Scripps Howard announced yesterday that it's putting the Rocky Mountain News up for sale. If no buyer is secured by mid-January, Scripps will consider other options. The common opinion seems to be that "other options" means shutting down the paper.

Now I don't work for the News. I work one floor up, at The Denver Post. The rivalry between those two newspapers has been long and sometimes bitter. You'd think the Post staff would have thrown a newsroom party at the news that we have, essentially, won the war.

You'd be wrong.

Post staffers are sad and worried. Sad because all the grunts who put out the Rocky each day -- the reporters, photographers, editors, designers, etc. -- will lose their jobs, and no one wants to see that happen. There's a respect, I think, for the Rocky staff. And we're worried because, well, But For the Grace of God Go Us. It could have easily been the Post on the rocks. We're not doing great financially -- few newspapers are -- but we dodged the bullet this time. We might not next time.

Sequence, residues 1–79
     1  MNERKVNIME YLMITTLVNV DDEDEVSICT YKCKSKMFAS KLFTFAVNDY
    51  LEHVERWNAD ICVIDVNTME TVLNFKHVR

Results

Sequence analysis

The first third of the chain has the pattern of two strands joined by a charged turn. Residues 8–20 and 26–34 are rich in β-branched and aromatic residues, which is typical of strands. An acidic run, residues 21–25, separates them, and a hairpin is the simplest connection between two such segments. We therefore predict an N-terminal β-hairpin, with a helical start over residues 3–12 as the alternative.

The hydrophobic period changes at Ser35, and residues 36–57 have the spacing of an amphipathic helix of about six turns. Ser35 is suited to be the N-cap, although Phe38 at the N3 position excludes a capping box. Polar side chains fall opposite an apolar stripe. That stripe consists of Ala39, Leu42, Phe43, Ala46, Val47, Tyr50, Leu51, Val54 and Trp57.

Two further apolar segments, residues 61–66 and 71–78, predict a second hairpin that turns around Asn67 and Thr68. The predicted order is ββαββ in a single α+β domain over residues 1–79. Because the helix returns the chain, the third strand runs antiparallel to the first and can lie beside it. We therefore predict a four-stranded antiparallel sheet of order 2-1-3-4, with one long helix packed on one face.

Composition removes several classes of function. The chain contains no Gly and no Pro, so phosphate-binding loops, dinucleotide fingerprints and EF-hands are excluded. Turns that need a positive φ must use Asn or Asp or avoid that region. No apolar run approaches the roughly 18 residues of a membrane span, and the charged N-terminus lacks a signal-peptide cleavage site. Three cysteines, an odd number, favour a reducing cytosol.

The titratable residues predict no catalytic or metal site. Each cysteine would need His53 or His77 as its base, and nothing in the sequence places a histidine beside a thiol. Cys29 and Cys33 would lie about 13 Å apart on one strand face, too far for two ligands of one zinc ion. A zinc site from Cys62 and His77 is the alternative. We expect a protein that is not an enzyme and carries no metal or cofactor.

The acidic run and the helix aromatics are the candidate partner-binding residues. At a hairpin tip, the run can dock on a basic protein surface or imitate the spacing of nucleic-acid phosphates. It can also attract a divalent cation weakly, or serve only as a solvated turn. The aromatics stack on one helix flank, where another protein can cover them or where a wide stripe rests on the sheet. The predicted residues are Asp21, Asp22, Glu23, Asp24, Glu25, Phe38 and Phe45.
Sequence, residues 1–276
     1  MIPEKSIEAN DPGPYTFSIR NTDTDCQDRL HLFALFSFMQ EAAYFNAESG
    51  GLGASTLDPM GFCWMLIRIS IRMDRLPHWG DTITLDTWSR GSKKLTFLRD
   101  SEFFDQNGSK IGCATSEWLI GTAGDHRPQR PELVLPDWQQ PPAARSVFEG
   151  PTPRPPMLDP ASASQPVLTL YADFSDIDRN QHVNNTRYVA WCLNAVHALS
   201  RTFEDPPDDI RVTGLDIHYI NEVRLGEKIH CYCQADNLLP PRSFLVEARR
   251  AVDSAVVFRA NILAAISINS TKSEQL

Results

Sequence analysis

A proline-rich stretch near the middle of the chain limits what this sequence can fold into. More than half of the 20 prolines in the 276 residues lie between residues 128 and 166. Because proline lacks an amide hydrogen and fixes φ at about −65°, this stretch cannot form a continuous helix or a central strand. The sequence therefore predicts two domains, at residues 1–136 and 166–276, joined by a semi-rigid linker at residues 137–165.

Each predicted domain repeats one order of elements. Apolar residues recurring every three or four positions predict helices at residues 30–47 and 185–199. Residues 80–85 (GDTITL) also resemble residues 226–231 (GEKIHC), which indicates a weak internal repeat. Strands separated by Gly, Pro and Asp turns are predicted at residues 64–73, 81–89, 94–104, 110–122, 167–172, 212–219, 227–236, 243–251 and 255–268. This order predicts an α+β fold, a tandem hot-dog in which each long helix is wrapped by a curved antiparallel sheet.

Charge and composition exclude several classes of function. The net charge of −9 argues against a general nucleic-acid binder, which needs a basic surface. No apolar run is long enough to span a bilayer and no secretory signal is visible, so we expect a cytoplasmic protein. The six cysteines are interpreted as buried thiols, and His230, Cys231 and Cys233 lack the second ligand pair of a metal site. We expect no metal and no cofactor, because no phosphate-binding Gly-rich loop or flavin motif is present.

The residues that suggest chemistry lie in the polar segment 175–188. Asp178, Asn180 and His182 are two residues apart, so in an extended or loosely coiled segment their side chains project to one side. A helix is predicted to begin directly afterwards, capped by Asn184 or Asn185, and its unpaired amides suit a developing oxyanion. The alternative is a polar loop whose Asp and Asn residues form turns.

I really really hope that someone comes along and rescues the Rocky because those people on the fifth floor don't deserve to watch their hard work go under, and because competition between the Rocky and Post has made both papers better.

Monday, November 10, 2008

Very first rejection

The e-mail was relegated to my junk folder from some unknown user named "Fiction Editor." My heart started pounding, blood thudding in my skull. This was it, why I had been checking my inbox for every day for more than two months. I was suddenly scared to open the message, but I did anyway. The anticipation was too much to bear.